January 19, 2014

Comic Book Style


For a while, into the 1990s, I felt that movie making was behind the storytelling capabilities of the comic book.  Then came The Matrix and it seemed that films were finally catching up  - The Matrix being able to take the audience into this multi-planed universe of reality and pseudo-reality.  Then comic book sensibilities entered the film world with the episodic style that introduces us and allows us to enter a whole world with films like Ghost World and Sin City (two of my favorites), and all the intertwined story possibilities and story vignettes that work as short films or stories unto themselves just as with stories in comic books or the comic strip.


I've always been a bit peripheral in regard to enjoying comic books but I always found what is now often called the "graphic novel" (when I was younger it seemed to be called "adult comics" - not necessarily sexual but geared toward adults) to be interesting because much of the style is about taking real life (as opposed to fantasy) and putting it down in images.  This is basically what the storyboard does. 


I am thinking of this project, currently titled Suburban Red as a vignette, a part of a larger story or series of stories that are strung together.  As I think of this current story I let my mind stretch to the possible future or past stories.  The story will work on its own either as a completed story with complete dramatic arc or as a scene, like a glimpse into a world as in a short story that does not complete the arc.



MOTIF: My Family in Black, White and Red


These images of my family (in photo ) were drawn (painted in gouache on Bristol board), while referring to old photographs of my family.  I tried to find photographs which weren’t only posed, they were also candid.  In this way they are like snapshots but also like story board frames or comic book cells that hint at story.  This artwork, film props, will don the walls of my character’s bedroom.  I want to stick to the black, white and red motif and find a way to fill his bedroom with these colors.  Images from family photographs will be interspersed with images of fantasy art and also something that hints at punk rock album cover and poster art.  I want to create a character that reflects some of my life in the early 1980s.  He’s an extension of a certain aspect of me at that time.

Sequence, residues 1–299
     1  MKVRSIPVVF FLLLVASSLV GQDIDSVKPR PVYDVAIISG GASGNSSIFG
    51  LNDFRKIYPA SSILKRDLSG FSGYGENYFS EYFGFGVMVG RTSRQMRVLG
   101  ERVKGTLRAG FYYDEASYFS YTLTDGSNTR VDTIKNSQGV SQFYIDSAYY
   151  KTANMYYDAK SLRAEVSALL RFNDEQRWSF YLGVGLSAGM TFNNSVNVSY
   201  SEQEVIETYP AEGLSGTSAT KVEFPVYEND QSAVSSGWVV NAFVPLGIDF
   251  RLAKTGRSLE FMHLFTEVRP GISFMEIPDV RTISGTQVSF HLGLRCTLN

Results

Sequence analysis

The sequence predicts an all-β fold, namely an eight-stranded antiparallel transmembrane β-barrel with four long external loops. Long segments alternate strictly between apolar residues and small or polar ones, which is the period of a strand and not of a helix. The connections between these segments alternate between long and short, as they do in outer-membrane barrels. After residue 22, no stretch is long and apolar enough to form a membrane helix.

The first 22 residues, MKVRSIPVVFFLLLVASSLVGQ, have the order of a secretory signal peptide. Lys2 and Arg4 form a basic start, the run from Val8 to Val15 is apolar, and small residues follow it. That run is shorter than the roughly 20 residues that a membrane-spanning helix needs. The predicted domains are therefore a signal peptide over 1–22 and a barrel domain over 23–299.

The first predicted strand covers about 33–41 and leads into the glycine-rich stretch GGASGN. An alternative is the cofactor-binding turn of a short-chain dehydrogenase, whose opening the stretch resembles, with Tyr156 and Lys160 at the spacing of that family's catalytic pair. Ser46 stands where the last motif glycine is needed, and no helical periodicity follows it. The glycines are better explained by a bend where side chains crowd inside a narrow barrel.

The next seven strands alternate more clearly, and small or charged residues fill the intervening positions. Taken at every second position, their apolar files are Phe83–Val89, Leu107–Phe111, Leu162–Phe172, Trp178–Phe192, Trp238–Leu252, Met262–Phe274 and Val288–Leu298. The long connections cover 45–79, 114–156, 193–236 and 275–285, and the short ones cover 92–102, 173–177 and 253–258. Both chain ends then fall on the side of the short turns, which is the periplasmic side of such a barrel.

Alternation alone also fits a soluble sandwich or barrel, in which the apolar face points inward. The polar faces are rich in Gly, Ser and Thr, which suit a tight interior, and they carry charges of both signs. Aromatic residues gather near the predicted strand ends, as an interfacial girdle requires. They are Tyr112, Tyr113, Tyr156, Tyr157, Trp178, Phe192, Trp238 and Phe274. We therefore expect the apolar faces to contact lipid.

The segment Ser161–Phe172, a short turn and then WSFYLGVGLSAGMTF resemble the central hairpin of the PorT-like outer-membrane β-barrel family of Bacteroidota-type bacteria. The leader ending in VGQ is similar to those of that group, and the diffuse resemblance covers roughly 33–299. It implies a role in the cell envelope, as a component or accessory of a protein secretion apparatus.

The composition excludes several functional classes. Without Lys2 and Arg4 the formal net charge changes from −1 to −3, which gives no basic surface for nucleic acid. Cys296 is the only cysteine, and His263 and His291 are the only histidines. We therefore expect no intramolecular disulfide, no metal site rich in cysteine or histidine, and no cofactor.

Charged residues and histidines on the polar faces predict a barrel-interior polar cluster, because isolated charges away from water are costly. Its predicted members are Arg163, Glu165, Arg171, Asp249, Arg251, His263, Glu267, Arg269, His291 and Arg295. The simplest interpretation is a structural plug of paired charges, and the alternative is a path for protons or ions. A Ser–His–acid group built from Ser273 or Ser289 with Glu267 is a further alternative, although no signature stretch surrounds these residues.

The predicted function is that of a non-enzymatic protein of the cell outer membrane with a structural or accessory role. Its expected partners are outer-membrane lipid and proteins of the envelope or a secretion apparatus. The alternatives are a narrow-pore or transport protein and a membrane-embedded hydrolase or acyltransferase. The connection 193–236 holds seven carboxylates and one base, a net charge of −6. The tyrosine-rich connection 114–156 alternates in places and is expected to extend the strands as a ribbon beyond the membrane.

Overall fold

Reflections on Color Separation


Color separation is a process by which each color to be combined as a final full color image is printed one at a time.  The red (or magenta) is printed first on the white sheet, for example, then the black over that.  The red being the gray tones perhaps and the black being the dark defined shadows and lines.  I grew up Mexican American and mostly thought of myself as a white person (though I didn’t feel like one), from Spain – European, etc., but then I also knew I was Native American (possibly part Huichol) and then later was reminded that there was a large population of African peoples in Mexico and absorbed into our blood and culture as well (much of this is evident in the varieties of Mexican music).  Black, white and red, color separation, come together in the final image.

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